Publishers Weekly® Reviews
- Reviewed in: Publishers Weekly, page .
- Review Date: 2011-01-10
- Reviewer: Staff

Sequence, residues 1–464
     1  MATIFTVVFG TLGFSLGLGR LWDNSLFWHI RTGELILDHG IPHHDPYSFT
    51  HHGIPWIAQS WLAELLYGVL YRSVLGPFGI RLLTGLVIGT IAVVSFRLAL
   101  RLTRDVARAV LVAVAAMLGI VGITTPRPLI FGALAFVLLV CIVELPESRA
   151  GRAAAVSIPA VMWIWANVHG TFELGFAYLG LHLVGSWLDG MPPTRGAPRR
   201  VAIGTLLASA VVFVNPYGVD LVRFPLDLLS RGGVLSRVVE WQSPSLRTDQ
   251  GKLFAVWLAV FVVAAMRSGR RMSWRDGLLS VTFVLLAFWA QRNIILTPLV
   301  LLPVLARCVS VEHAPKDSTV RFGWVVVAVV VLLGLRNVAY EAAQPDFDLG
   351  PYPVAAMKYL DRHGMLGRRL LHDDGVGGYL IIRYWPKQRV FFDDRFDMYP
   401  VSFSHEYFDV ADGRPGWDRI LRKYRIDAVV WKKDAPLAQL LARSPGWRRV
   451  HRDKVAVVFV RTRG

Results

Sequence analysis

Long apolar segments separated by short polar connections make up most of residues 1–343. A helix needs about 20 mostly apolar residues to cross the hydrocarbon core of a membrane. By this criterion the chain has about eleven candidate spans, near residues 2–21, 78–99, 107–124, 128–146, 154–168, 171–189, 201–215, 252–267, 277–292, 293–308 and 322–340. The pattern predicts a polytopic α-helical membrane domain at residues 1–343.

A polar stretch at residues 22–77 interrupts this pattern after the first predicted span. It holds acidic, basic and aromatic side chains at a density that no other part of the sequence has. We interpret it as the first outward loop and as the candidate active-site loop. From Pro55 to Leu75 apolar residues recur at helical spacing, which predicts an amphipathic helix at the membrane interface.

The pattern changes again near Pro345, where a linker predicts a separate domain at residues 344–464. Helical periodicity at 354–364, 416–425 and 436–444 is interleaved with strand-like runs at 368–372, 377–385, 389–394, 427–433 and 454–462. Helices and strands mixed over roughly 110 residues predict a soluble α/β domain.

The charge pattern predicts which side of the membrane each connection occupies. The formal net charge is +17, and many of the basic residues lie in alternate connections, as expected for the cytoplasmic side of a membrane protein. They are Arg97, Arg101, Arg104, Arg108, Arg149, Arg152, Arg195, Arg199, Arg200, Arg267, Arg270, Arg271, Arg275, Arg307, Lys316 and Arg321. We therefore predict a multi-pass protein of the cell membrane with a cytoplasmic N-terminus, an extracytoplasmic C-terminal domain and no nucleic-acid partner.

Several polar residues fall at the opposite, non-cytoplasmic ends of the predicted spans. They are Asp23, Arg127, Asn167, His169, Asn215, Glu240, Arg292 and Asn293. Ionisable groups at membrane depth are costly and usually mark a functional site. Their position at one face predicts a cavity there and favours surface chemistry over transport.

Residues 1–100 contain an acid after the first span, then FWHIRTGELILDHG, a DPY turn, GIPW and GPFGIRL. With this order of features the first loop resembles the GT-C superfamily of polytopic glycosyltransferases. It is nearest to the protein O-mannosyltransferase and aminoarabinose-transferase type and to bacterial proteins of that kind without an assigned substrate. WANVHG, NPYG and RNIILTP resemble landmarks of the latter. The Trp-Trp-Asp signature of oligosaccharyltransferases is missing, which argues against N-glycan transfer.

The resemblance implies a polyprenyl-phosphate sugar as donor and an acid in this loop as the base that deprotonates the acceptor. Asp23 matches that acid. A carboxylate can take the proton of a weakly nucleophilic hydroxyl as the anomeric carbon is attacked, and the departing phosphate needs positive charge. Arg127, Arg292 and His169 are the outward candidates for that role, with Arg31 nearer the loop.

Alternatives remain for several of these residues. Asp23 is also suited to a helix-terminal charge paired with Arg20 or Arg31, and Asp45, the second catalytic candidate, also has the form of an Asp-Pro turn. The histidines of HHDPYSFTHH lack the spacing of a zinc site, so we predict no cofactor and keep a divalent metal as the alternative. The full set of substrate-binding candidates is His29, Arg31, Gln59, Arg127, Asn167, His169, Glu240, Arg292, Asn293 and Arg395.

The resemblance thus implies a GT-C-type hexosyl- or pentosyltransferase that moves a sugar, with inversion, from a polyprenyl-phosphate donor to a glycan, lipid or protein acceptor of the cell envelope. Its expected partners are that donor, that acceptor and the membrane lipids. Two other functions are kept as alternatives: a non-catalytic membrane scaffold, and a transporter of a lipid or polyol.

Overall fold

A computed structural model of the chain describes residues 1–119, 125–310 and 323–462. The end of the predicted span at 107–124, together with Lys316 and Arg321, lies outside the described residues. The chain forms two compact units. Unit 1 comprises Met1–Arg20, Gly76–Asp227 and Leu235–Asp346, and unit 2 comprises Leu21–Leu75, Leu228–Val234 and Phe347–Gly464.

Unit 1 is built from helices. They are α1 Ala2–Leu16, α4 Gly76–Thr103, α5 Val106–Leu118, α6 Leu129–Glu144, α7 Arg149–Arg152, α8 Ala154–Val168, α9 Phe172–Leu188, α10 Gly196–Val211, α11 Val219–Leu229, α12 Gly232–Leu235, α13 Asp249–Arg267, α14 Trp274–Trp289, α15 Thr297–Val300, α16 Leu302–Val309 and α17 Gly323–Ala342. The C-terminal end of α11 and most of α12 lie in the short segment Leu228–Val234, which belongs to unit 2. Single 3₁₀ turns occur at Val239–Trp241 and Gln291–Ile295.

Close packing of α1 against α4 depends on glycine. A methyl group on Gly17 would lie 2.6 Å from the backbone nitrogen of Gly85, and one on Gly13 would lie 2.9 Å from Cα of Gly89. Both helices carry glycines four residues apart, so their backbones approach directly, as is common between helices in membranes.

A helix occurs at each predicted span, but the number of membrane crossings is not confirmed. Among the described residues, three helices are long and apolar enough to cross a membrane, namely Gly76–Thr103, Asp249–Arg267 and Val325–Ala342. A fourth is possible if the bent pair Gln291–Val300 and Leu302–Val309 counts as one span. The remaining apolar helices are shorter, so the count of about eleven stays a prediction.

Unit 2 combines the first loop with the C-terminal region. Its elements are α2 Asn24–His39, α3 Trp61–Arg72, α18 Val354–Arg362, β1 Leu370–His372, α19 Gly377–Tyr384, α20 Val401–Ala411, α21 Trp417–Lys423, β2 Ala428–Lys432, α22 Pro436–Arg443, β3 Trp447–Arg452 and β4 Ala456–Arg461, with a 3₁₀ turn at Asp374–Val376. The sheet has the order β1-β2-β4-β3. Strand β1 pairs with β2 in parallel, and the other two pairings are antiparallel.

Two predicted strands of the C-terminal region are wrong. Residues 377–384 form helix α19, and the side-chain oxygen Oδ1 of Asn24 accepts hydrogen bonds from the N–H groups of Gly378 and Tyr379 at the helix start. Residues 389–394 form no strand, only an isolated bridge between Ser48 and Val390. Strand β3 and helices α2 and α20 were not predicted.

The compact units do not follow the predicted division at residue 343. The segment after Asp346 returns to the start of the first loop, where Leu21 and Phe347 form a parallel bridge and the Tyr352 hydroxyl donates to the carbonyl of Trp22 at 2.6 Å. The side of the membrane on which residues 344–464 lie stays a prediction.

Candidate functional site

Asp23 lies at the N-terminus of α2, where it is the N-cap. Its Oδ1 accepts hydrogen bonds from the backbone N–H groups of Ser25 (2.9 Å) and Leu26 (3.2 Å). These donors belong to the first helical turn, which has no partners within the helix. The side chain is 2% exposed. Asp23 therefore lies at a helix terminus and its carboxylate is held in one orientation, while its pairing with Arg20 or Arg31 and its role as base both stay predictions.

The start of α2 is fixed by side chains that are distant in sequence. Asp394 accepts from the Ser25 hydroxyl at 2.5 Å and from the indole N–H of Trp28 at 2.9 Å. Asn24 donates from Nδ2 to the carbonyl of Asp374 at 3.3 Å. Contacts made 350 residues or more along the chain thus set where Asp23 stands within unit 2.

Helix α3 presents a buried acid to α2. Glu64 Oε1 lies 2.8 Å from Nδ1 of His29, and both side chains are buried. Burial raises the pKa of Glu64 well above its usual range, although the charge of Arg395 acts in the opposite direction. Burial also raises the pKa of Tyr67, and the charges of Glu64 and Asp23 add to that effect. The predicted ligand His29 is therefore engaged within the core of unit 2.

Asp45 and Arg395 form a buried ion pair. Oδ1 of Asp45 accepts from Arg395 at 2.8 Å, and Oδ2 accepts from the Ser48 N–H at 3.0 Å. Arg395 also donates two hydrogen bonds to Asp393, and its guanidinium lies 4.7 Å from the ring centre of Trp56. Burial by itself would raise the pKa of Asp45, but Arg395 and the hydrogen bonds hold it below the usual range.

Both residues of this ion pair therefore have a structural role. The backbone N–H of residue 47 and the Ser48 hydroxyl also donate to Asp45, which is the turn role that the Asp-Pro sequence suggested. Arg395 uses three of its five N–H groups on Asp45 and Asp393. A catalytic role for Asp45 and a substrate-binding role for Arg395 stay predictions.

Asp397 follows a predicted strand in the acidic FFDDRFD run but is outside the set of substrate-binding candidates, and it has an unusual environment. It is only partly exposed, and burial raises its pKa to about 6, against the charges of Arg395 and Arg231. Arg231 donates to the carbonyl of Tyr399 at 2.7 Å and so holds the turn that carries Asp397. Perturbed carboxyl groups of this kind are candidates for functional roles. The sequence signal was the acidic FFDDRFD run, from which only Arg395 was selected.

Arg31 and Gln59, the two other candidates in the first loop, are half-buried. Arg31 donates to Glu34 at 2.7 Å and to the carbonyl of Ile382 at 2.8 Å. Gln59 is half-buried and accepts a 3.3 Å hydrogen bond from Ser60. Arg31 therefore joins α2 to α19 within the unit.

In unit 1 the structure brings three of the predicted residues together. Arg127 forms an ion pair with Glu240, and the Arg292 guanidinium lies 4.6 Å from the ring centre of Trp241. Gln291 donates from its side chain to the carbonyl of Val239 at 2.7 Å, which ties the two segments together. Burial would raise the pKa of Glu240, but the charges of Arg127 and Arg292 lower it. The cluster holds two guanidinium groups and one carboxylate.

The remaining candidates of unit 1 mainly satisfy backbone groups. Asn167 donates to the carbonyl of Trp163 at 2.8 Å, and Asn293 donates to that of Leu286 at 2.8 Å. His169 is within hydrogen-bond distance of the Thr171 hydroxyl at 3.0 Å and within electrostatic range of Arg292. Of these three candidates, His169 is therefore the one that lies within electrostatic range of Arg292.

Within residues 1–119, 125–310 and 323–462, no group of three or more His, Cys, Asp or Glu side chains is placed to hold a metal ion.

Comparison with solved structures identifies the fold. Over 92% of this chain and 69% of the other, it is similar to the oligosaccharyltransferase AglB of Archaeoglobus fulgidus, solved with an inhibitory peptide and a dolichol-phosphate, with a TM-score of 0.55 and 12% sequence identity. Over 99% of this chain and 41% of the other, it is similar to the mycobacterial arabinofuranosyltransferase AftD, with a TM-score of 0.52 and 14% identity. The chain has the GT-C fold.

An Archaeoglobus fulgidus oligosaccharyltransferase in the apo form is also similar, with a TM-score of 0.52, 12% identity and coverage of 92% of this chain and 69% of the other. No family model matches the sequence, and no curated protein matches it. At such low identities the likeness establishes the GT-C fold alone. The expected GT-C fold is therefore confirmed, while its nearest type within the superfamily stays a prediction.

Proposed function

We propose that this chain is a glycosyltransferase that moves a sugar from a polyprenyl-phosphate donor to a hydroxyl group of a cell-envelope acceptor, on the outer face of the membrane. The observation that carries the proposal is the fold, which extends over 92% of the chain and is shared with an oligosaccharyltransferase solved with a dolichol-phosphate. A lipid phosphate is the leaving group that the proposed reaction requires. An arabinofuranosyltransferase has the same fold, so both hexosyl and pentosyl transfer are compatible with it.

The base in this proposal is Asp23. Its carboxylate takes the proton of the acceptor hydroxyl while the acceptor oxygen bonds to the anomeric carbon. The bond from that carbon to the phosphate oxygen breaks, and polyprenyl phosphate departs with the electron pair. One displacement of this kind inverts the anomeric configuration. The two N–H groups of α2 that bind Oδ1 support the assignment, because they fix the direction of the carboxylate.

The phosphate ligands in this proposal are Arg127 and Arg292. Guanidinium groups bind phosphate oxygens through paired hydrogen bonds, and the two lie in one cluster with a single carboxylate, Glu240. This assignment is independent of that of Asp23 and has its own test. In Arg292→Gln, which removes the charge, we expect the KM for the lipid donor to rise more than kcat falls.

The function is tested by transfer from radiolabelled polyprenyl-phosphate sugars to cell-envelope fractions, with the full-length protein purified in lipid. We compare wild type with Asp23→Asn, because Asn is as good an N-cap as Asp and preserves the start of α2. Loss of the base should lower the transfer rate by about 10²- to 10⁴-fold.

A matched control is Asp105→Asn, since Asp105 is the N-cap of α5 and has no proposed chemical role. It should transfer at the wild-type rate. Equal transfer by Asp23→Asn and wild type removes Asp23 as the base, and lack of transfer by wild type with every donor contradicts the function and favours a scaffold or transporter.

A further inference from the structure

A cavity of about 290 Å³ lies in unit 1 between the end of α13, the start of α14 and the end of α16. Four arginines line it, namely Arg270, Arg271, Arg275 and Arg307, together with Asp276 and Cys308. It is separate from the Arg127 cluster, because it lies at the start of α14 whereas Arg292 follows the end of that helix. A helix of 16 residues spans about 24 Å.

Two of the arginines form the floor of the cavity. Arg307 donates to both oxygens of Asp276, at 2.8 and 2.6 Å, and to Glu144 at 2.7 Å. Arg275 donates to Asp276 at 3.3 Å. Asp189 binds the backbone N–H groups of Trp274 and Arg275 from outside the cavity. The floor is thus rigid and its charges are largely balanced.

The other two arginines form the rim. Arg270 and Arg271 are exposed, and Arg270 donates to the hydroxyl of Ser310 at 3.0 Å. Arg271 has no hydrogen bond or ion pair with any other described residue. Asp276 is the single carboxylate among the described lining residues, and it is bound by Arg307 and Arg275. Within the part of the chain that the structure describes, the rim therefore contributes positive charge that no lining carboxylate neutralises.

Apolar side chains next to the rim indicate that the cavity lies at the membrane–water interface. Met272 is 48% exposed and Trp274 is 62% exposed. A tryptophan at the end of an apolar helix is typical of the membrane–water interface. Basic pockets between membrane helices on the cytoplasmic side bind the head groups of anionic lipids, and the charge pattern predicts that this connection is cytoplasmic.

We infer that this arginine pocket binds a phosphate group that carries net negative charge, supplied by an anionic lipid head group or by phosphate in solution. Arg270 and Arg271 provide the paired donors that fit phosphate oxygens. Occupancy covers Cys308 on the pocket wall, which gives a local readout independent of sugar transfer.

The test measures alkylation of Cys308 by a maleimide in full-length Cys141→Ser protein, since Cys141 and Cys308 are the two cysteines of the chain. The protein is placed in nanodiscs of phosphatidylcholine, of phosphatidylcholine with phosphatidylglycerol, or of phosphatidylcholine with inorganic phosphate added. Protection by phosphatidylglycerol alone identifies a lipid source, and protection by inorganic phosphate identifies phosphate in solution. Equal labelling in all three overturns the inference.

Originally published in 1954 and largely overlooked in its time, Comyns's dark novel begins in the midst of a devastating flood in a small English village. As the "ducks through the drawing-room windows" the Willoweed family surveys the damage. "Grandmother Willoweed" ("a dreadful old black bird, enormous and horrifying, all weighed down by jet and black plumes") shares the estate with her preacher son Ebin, recently made a widower, his three motherless children and their servants, a handyman called Old Ives, and two domestics. Shortly after the flood, several villagers become afflicted with a mysterious illness, causing some to commit suicide. When the pitiful Ebin loses one of his children to the sickness as well, he becomes determined to sever ties with his family's insufferable matriarch and, he hopes, improve his life. Evenson notes in his introduction that Comyns's "third person narration is quite democratic in terms of who it chooses to attend to" and indeed she shifts perspectives from the Willoweeds to various doomed members of the community with the ease and dexterity of a natural storyteller. Her dark, nightmare-inducing imagery makes for an unforgettable read, then and now. (Nov.)